Recently, I read in the entertainment news that Frances Reid, known to millions as Grandma Horton on the long running soap, Days of Our Lives, had died at the age of 95.
I was saddened. As I had grown up with Grandma Horton. My summer trips to stay with my own grandmother were marked with quiet afternoons sitting with her to watch her stories. These were sacred times. And unless the house were ablaze, my brother and I knew not to speak a word when Days was playing on her tiny 13 inch Magnavox.
I continued watching during off-school days with my mother. Who greatly resembled Julie Horton Manning Williams when she wore her long chestnut fall. A “fall” was a type of half-wig, set apart by a braid wrapped about ones head. My mother could also recreate Jackie O. and Sophia Loren with her “fall.” I also tried that look, but my dishwater blonde tresses always gave me away. The only look I could ever recreate was that of Pippi Longstocking.
All of this was back before technology gave us a means of recording our favorite television shows. So during the school year, I would have to rely on my mother’s recounting of the antics of Doug, Julie, Mickey, Bill, Laura, and of course Sister Marie (lowers voice to a whisper), who was in a family way.
I reveled in the Christmas Horton tradition of hanging ornaments bearing the names of family members on the Christmas tree. And I cried bitter tears the year after Addie died, when her ornament was sadly positioned on the tree by Grandma Horton.
I went on to add the Young and the Restless, and finally General Hospital to my soap opera watching venue in the early 70’s and 80’s. After college, I became a closet soap opera fan. As it was no longer in vogue. My own mother had stopped watching soaps. She quit cold turkey when 3 of her favorite soap opera characters were unceremoniously killed off in the span of a week.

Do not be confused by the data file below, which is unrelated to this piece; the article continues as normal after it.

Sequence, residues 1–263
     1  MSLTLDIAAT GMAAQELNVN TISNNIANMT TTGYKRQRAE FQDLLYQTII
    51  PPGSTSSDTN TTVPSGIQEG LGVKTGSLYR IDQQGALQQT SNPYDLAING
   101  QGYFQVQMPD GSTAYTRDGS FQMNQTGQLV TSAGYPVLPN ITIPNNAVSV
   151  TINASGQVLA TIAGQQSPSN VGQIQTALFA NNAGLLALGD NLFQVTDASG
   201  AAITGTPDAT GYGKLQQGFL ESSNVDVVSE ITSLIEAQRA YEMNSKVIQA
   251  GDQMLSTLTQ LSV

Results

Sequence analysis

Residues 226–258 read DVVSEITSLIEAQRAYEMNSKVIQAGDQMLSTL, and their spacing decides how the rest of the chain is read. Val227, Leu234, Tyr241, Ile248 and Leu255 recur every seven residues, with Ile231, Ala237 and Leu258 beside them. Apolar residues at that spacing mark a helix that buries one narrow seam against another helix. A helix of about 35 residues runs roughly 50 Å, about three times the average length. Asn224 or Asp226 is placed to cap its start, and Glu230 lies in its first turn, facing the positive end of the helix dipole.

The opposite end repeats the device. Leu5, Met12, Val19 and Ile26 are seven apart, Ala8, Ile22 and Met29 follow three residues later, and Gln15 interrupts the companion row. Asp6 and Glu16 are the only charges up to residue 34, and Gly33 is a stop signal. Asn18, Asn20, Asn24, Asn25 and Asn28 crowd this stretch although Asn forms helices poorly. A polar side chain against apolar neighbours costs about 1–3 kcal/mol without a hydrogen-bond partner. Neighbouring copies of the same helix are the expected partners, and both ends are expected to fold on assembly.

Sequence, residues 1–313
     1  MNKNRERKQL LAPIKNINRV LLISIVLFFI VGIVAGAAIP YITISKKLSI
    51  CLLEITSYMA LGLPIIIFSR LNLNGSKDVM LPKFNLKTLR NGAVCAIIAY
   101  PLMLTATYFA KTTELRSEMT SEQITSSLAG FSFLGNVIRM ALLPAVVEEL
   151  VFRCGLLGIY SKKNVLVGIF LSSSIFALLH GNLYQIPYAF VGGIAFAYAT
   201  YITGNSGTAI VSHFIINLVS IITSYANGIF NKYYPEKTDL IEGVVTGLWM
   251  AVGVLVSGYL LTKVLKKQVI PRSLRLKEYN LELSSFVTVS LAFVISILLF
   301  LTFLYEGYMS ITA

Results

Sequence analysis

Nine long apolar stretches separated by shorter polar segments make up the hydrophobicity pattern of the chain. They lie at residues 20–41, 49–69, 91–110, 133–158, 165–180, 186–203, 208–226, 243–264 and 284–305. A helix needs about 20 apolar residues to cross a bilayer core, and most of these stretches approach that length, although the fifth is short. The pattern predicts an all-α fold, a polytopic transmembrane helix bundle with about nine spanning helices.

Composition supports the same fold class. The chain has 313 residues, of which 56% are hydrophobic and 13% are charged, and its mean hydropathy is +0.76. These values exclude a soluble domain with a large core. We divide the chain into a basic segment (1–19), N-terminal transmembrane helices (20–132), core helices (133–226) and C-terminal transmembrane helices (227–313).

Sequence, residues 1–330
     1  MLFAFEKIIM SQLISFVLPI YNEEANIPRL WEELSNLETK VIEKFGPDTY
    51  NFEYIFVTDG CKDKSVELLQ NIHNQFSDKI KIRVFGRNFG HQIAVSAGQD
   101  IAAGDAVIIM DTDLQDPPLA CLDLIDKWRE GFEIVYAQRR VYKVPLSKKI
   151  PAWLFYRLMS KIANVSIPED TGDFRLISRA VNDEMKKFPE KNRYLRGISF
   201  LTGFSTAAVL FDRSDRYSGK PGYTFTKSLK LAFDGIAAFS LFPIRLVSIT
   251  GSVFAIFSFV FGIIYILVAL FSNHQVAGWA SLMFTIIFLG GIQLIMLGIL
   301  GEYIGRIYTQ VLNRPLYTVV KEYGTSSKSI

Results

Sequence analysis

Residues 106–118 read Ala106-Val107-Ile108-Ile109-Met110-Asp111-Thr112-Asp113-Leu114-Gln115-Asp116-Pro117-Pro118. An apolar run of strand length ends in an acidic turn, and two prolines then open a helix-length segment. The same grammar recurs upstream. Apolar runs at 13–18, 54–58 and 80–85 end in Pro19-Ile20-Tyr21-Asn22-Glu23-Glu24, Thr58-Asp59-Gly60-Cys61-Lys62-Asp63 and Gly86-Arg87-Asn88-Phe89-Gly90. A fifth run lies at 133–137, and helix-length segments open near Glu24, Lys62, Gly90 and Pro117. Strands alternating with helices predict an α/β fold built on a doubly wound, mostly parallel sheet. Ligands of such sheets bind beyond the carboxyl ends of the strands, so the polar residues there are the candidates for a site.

She couldn’t take it anymore. And she never looked back.
I had the opportunity to shake hands with McDonald Carrey (the elder Dr. Horton himself) at a Los Angeles show business event in the early 90’s. Just a few years before his death. Wherein I characteristically embarrassed myself when bits of a stray breadroll flew from my mouth and landed on his lapel. And I relished those moments when I would spot a hapless soap opera actor innocently pushing their grocery cart around a Hollywood Mayfield, or Ralphs. If I had a picture taking cell phone back then, you can be sure I would be posting pictures! And possibly would have served jail time for stalking.
It’s now a rare day when I tune in to a soap opera. Mostly on account of my husband’s mockery soon after we were married. Occasionally I’ll turn on my little kitchen TV during lunch and quietly catch 5 minutes of Y&R or Days. But honestly, Days lost me way back when Marlena became possessed, and was then later found to be the Salem serial killer. Murdering her way through nearly every cast member, including Grandma Horton, and well, that was the last straw. Except that they weren’t really dead, and I don’t know how they explained that away. Something about a hoax. It was too late. I couldn’t bear to tune in again.
But still, when I learned of the passing of Frances Reid, a million happy memories of watching DOOL with my Nanny and my mama washed over me. Rest in peace, Grandma Horton. Your work touched many. Like sands through the hourglass, so are the days of our lives.
Frances Reid, 1914-2010